Thomas Rouch: Publix played 'Russian Roulette' with Greg Janowski's life

PINELLAS CO, Fla - A somewhat emotional Thomas Rouch took the stand Wednesday morning in defense of his wife Arunya, ultimately blaming the death of Greg Janowski on Publix.

Arunya is accused of killing her co-worker Greg Janowski and then hunting for more victims inside the Tarpon Springs Publix where she was fired hours earlier on March 30, 2010.  Prosecutors maintain it was premeditated murder but her defense attorneys are arguing she snapped.

"Publix played Russian roulette with Greg's life and this was the result," said Rouch.

Rouch claims Publix managers knew there was a problem between Janowski and his wife -- specifically that Janowski was harassing and bullying her on a regular basis.

"She didn't understand why he kept picking at her," explained Rouch.  "He would make nasty remarks to her."

Rouch said he urged his wife to tell her bosses what she was going through at work but that Janowski scoffed at a meeting.

Rouch told jurors he even confronted Greg.

"I asked him, 'Greg, why won't you leave my wife alone?'  He just looked at me, laughed and walked away," Rouch said.

Rouch, who also works at a Publix, added that in the days leading up to this shooting, he suggested his wife transfer stores and work with him.  He went on to tell jurors she was excited at the thought and even baked a cake.

Bolstering the defense's case, Rouch testified his wife told him in the weeks before the shooting his wife told him she felt 'mentally sick.'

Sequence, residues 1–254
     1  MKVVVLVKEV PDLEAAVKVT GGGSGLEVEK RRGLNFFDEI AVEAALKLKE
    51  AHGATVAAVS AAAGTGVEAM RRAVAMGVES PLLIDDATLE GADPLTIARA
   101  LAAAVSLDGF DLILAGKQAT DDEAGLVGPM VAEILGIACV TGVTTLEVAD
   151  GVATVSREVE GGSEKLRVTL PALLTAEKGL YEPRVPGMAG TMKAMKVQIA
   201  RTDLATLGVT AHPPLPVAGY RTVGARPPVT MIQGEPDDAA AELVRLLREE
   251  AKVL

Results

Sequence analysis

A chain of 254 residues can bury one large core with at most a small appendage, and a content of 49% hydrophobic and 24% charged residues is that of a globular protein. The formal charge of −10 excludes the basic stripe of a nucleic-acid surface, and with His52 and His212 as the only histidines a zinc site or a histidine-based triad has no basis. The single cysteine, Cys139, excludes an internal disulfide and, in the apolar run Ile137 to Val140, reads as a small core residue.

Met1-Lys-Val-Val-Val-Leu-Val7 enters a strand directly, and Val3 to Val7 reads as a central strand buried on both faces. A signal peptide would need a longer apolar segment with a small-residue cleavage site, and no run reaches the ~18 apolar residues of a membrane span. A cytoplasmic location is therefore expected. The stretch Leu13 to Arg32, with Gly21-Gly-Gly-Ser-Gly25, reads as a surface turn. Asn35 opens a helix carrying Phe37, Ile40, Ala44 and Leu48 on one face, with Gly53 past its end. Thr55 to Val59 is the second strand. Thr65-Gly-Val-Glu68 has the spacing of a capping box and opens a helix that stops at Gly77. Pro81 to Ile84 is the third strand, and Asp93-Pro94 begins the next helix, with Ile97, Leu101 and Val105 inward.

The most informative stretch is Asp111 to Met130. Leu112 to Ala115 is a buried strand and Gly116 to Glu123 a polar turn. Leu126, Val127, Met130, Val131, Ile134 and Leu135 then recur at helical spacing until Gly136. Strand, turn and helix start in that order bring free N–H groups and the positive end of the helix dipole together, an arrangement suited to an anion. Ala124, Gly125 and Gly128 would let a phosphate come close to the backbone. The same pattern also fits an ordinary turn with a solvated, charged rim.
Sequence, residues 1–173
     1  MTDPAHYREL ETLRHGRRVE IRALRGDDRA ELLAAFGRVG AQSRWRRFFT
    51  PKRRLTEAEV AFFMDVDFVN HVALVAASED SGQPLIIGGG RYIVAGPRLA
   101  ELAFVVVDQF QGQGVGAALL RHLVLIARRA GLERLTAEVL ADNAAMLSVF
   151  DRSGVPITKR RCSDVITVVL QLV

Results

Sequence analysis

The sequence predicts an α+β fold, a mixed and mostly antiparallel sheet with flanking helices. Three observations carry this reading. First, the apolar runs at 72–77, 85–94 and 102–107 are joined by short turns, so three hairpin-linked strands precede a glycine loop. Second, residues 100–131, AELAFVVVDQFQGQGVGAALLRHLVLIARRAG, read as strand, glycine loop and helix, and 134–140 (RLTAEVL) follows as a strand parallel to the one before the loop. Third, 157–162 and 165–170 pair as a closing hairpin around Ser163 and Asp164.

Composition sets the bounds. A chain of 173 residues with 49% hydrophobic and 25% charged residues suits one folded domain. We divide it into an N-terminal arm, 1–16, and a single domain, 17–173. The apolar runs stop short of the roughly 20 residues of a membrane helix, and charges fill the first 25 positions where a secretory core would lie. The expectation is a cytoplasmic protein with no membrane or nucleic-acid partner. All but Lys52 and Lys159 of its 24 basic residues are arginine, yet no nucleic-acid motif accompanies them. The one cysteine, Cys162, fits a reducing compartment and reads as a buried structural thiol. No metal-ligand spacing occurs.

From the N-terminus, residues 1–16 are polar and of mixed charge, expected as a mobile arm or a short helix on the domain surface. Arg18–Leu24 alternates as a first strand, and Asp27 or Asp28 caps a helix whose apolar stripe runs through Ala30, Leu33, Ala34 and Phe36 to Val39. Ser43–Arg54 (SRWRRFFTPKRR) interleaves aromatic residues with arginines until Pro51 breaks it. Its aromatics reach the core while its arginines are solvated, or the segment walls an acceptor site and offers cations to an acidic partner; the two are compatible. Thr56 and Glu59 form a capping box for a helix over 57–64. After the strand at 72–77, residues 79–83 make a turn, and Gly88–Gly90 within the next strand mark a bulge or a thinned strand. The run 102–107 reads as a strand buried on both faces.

"Looking back, I should have taken it more seriously," he said.

During Rouch's time on the stand, his wife broke down and cried.  Sitting directly behind Arunya is court was her mother, who showed no facial expression.

On Tuesday, the prosecution wrapped up its case and showed surveillance video of Arunya walking into Publix while concealing a gun.  Once again, they walked the court through the crime scene.

Prosecutors called more than a dozen witnesses.

On cross examination, Fred Schaub tried to paint Rouch as less sympathetic and said he is seeing dollars signs in Janowski's death.

"The bottom line is, your wife shot at two officers and killed a co-worker and you want to make money off it?" Schaub asked Rouch.

Rouch openly told the court he had met with attorneys to discuss a civil suit.

STATE'S FORENSIC PSYCHIATRIST TESTIFIES

Emily Lozaro, who examined and interviewed Arunya following the shooting, told jurors Arunya knew exactly what she was doing when she pulled the trigger.

"She had planned it out to be sitting there [in the parking lot] and waiting," explained Lozaro.

Lozaro gave a laundry list of reasons why she believed Arunya did not meet the criteria for an insanity plea including:

  • Arunya was well enough to go to work the day of the shooting
  • She was able to hold a conversation with her boss and become upset when fired, which is a natural, expected reaction
  • Earlier reports showed she struggled between not doing anything and coming back to harm people
  • She made a decision to change clothes to darker, more conservative ones
  • She cut a slit in a Publix bag to conceal her weapon
  • She gave her co-worker Virginia the option to let her go or get hurt

"She knew who she wanted to hurt," Lozaro contended.

Lozaro did concede Rouch suffered from some mental issues and went on to say Rouch was a good person.

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